Commission planned to prevent local discrimination

| 16/03/2018 | 120 Comments
Fair Employment Opportunities Commission

Premier Alden McLaughlin in the Legislative Assembly, 15 March 2018

(CNS): The country’s leader has announced the creation of a Fair Employment Opportunities Commission aimed at specifically addressing complaints about discrimination against Caymanian job seekers or those applying for promotion. In a statement to the Legislative Assembly Thursday, Premier Alden McLaughlin said Caymanians needed an avenue for complaints about hiring practices and he intended to establish the Cayman Islands’ first such commission to fill the vacuum in the current system when it came to this specific and worrying complaint that was creating increasing resentment among the local workforce. 

The premier pointed out that under the current system, employers and immigrants have access to an Immigration Appeals Tribunal if they believe that a work permit or permanent residency application has been incorrectly refused; people in work can complain about rogue bosses to the Labour Appeals Tribunal, but Caymanian job seekers who believe they have been unfairly treated when applying for a job or bypassed for a promotion have nowhere to go.

He added that Caymanians look to the Immigration Law for protection against discrimination but it doesn’t address discrimination against them and there is no official process for handling complaints of discrimination from job-seekers or those seeking promotion. He pointed out that people can write to the immigration boards, and while that may stall or stop a work permit, it rarely results in the local job-seeker getting the post they applied for.

“The Fair Employment Opportunities Commission, which we propose, with its legislated framework would fill a gap that now exists,” McLaughlin said.

He said it wasn’t just the Immigration Law that was inadequate; the Labour Law only covers those with a job and it does not significantly enhance protection against workplace discrimination for Caymanians; and the Bill of Rights can only be applied vertically, between the public and government, which the premier said left no legislation to protect Caymanians from this type of discrimination and no route for redress.

“The Fair Employment Opportunities Commission would supplement other tools for ensuring the hiring of Caymanians while also providing Caymanians with the assurance that government and law-abiding employers do care about Caymanian employment,” he said.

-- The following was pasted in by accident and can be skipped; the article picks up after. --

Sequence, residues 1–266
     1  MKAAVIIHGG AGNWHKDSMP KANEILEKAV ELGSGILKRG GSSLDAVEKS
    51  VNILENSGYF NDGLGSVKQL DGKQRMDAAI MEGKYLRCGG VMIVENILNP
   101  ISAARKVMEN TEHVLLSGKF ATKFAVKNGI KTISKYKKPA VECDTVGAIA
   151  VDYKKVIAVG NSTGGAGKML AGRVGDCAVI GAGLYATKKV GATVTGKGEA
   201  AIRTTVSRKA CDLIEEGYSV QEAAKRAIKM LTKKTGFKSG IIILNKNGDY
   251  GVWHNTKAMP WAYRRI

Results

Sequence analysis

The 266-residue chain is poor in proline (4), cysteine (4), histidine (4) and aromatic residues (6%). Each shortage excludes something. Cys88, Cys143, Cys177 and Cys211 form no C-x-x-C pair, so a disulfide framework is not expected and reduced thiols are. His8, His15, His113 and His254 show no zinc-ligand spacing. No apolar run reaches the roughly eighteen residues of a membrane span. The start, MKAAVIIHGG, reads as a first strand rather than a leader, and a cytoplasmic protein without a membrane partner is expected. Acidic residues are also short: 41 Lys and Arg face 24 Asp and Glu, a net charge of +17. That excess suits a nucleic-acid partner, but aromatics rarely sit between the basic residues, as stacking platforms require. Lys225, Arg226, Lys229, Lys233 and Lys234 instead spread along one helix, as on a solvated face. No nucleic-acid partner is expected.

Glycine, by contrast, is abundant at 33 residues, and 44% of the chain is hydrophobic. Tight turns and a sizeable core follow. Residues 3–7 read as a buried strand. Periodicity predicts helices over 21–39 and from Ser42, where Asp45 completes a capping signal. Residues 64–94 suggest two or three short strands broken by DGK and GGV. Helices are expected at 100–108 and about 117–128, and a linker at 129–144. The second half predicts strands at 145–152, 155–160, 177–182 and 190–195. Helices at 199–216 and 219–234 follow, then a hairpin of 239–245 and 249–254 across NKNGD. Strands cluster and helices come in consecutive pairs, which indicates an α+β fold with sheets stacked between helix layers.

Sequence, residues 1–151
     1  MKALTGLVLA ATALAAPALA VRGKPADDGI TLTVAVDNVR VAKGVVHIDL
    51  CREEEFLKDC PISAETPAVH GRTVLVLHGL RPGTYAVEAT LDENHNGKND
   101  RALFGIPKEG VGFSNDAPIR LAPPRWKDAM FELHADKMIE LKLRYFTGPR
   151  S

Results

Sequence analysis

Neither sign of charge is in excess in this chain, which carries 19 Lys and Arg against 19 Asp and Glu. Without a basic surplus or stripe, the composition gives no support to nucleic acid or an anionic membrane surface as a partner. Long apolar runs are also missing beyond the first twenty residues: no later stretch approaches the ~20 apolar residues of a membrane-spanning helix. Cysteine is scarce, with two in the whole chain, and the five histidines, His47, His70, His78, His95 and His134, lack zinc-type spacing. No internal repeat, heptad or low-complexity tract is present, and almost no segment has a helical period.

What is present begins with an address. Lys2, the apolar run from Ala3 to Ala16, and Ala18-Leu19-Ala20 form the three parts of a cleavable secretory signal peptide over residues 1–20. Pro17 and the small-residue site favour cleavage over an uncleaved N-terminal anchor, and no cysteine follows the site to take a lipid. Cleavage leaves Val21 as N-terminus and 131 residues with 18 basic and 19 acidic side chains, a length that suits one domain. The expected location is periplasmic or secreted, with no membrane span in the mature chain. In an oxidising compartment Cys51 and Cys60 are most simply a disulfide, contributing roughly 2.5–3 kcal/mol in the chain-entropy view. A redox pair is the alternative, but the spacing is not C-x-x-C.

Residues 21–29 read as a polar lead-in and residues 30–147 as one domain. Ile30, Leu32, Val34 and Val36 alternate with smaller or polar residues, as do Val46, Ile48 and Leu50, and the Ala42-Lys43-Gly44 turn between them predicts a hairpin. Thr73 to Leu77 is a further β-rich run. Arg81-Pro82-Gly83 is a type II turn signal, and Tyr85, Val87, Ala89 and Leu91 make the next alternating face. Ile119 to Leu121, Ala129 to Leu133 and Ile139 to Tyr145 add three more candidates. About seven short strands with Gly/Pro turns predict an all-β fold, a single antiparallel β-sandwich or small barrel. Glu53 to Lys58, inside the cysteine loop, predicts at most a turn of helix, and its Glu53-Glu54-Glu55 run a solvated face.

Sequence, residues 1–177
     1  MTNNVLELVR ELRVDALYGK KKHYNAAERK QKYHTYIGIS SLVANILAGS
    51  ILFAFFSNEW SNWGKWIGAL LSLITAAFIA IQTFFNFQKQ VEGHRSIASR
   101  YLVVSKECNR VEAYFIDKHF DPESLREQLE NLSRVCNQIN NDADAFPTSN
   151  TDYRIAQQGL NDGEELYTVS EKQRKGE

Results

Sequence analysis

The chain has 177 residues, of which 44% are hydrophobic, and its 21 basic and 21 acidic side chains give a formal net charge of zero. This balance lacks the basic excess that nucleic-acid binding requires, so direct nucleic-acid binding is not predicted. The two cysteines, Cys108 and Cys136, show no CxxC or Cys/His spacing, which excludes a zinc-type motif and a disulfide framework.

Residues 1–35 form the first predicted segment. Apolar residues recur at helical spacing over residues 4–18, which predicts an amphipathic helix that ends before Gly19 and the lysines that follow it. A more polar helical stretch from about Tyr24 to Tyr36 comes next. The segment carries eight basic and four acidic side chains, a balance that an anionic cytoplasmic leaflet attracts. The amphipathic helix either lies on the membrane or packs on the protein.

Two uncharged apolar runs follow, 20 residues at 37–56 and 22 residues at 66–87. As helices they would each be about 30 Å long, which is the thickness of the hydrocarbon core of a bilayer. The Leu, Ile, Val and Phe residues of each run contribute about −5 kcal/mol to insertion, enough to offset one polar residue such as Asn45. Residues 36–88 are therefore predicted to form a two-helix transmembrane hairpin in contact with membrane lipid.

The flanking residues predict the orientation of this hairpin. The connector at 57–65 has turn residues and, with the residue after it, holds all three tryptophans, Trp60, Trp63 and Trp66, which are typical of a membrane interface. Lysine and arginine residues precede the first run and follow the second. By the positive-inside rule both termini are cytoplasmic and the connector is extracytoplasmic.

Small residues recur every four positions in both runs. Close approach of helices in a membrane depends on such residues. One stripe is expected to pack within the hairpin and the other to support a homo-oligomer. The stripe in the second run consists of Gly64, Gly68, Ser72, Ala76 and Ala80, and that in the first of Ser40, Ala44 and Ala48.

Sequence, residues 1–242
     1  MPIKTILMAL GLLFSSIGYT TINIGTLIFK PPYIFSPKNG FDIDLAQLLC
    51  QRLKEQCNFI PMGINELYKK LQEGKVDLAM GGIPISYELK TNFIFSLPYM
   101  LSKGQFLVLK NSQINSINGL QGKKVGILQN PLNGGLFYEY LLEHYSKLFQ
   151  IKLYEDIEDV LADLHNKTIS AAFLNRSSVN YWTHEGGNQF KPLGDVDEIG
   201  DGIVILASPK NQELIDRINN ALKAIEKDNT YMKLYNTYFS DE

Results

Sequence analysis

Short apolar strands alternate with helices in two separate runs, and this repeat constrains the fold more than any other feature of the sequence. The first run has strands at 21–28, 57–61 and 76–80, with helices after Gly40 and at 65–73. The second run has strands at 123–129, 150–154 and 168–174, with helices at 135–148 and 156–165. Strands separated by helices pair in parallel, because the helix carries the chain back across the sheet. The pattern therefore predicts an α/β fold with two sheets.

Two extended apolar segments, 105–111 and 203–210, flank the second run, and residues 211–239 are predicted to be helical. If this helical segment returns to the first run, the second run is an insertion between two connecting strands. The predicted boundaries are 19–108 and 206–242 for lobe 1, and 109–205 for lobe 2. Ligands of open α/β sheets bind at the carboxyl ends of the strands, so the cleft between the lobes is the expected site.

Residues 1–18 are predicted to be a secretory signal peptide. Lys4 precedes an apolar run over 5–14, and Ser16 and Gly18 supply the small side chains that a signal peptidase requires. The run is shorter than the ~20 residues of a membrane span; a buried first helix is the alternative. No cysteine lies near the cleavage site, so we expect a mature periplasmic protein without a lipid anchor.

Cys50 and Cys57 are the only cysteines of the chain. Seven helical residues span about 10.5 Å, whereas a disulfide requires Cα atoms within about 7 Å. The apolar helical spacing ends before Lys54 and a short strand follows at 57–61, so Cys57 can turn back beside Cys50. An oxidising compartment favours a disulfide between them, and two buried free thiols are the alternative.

“The commission will be independent to avoid possible perceptions of bias toward business and must be able to maintain a balance and to apply the relevant aspects of the law. As such, it would be headed by a commissioner appointed by the governor in a manner similar to the appointment of the auditor general and ombudsman. It is envisaged that the commissioner would be an experienced attorney or retired judge and the office would be staffed by individuals with legal and investigative skills.”

McLaughlin said it would not be a form of affirmative action but a body to consider the law and determine whether the complaint of unfair treatment was valid, and it will then have the power to apply sanctions.

“It will be important that the business community and public do not believe that this body is subject to political interference but instead operates independently and in accordance with the rule of law,” he stressed.

The commission will also provide other benefits, he said, such as collecting data that government and the public can use to understand the extent of the problem, the effectiveness of existing legislative and enforcement efforts or the impact of new measures to reduce discrimination. This information over time would also indicate which parts of the job market are impacted by incidents of real or perceived discrimination. It could also help promote and protect employment rights for local workers.

McLaughlin said the idea was not novel as several countries have an equal employment opportunity commission, but before the necessary laws to pave the way for this to be implemented there would be extensive consultation with the business community.

“This government recognises the importance of businesses having access to quality, necessary personnel but we also recognise that we need to do something new to ensure that Caymanians not only believe that they will be treated fairly in the job market but where they do not so believe, that they have an avenue to take their grievances,” McLaughlin said. “If we do nothing and allow the current beliefs of unfairness to fester and grow, we may well end up where the Bahamas was in the 1970s with an unsettled business climate and great resentment amongst local people and with business leaving our shores.”

The premier added that if a business is operating as the law requires and is treating Caymanian job applicants fairly, they will have nothing to fear regarding the implementation of such a commission.

Although work is underway on the development of a Human Resources Department to better regulate the labour market, including access to work permits, changes to the laws regarding the advertising of jobs as well as creating a National Jobs Clearinghouse to improve transparency, the premier told his colleagues that this would not be enough, given the constant stories of discrimination.